Keep moving across the blanket by adding the right amount of pellets in each column and then sewing across all of the columns. It will start to look like this:

It gets a little more cumbersome as you go along because there is so much more weight with each row. When you get to the very last row, it's a good idea to use pins so you don't end up with a mess. You'll want to fold both layers of the fabric to the inside of the blanket and pin all the way across so that the beads don't fall out and so that the fabric stays in place as you stitch the blanket closed.

I stitched close to the edge on this end and continued to stitch all the way around the blanket. Then I came back to the end that had been open and stitched across it again only that time I left a larger margin to match the other 3 sides. I hope that makes sense.

And here's what it looked like when it was all done:
 
Not the prettiest thing I've ever made by any means (read: there are a lot of crooked lines) but it turned out great for just winging it. :) So far, Raya has absolutely NO interest in it. Go figure, right? :) I think she just needs to feel it out a little more though and figure out what to do with it. She does seem to like laying on top of it like a pillow, so I guess that's something.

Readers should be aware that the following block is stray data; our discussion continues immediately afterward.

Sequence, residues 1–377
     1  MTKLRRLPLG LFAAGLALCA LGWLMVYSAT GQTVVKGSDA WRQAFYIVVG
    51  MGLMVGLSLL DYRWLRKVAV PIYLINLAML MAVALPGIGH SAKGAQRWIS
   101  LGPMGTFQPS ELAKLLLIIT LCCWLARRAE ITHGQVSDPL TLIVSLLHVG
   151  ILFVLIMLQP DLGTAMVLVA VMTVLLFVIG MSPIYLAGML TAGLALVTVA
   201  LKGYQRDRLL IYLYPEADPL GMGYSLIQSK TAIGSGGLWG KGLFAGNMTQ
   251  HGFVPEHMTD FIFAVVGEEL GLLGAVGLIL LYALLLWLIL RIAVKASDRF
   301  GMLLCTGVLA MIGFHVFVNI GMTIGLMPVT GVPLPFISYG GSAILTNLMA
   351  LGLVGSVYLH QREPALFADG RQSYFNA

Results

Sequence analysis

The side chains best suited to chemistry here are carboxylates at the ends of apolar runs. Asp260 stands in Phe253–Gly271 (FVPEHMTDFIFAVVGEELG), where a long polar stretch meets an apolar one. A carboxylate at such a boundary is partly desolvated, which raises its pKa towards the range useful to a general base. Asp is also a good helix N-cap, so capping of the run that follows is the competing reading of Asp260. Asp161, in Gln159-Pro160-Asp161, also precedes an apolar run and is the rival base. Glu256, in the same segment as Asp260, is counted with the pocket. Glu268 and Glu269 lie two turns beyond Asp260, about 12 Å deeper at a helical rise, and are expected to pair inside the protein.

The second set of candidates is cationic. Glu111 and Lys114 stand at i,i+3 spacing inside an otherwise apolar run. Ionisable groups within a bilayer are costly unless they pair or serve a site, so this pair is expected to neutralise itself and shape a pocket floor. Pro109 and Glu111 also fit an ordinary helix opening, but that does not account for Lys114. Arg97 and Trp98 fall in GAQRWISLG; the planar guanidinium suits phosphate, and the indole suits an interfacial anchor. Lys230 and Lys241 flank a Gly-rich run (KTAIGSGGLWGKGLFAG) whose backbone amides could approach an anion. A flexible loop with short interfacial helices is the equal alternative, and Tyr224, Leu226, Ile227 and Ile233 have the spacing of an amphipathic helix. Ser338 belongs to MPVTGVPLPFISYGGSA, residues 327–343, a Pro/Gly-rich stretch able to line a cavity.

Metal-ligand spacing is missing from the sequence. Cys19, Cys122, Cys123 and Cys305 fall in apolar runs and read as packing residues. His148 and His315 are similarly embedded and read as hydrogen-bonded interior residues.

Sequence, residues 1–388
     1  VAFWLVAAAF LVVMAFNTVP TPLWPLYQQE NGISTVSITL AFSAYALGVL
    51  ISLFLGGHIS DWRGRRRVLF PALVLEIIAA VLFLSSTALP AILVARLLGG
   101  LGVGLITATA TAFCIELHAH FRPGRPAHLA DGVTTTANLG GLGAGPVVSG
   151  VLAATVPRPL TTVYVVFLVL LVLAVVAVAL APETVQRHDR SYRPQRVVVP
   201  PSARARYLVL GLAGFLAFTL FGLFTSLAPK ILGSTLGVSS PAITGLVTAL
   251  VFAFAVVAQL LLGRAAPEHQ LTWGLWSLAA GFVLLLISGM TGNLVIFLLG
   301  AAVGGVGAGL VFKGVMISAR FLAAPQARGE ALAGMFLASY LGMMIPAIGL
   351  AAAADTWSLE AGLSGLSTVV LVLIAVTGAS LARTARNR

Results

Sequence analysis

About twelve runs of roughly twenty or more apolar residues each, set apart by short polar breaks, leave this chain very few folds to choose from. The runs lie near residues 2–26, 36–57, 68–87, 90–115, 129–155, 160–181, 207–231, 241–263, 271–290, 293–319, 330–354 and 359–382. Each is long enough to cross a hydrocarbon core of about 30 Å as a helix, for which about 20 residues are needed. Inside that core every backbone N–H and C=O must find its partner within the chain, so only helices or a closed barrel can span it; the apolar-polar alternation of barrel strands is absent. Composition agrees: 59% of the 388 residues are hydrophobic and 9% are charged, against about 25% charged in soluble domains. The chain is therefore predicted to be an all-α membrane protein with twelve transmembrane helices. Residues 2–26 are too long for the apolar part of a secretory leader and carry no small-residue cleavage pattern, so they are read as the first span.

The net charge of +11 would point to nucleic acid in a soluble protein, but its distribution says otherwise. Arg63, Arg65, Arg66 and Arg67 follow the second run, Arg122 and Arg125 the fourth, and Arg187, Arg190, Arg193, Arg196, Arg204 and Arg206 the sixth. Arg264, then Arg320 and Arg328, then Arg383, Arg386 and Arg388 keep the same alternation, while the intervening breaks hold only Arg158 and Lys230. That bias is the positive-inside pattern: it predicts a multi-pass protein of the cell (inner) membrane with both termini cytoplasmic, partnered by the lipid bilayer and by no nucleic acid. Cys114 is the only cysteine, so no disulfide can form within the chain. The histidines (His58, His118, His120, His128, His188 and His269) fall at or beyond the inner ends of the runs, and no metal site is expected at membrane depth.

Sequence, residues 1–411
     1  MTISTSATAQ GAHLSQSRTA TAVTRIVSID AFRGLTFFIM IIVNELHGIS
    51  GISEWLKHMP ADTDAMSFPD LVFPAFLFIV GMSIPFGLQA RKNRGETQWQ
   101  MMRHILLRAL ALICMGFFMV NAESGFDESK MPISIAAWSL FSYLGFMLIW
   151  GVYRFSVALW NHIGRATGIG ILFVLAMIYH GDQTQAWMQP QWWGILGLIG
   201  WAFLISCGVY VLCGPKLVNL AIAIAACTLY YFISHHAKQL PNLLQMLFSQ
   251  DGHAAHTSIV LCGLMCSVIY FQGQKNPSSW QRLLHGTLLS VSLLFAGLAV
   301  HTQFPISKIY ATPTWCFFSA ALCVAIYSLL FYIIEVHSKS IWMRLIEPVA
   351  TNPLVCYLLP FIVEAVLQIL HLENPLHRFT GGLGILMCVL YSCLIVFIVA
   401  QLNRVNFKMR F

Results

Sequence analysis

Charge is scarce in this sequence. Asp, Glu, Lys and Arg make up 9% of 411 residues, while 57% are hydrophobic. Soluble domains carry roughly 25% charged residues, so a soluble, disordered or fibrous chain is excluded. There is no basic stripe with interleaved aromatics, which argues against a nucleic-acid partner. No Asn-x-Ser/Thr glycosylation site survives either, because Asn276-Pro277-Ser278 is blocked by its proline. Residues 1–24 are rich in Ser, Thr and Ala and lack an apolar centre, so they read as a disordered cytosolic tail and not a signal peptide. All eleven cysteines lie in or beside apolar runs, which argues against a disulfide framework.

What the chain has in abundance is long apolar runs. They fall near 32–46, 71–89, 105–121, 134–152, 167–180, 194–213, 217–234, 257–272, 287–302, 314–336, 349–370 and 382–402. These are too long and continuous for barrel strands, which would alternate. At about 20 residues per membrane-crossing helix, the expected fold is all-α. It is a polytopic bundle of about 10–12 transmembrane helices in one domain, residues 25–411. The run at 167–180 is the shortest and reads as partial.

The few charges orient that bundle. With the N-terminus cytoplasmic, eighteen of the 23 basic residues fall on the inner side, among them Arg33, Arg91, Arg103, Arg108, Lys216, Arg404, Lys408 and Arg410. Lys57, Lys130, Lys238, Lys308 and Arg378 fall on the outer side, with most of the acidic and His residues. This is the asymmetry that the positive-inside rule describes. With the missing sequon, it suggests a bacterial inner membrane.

Oh, and a side note, she hasn't puked on it yet so I haven't tried washing it yet but the pellets are supposed to be machine washable. My plan is to wash it in the washer on the delicate cycle and then hang it to dry so that it doesn't get caught on anything & tear open. That would be a mess.

So that's how I made a weighted blanket. :)

Comments

  1. Thank you for sharing, I just found out my son Dominic has Sensory Processing Disorder it's a lot to work through. He is extremely sensitive to touch. Sometimes if someone even looks at him he will have a complete meltdown. Hope little Raya is doing well, she is absolutely beautiful!

    ReplyDelete
  2. I tell ya Brandis, you are one talented lady! Does she like it now?

    ReplyDelete
  3. I loooove this tutorial! Very clear and precise directions! You made a complicated project seem simple! I am eager to try this! Thank you!

    ReplyDelete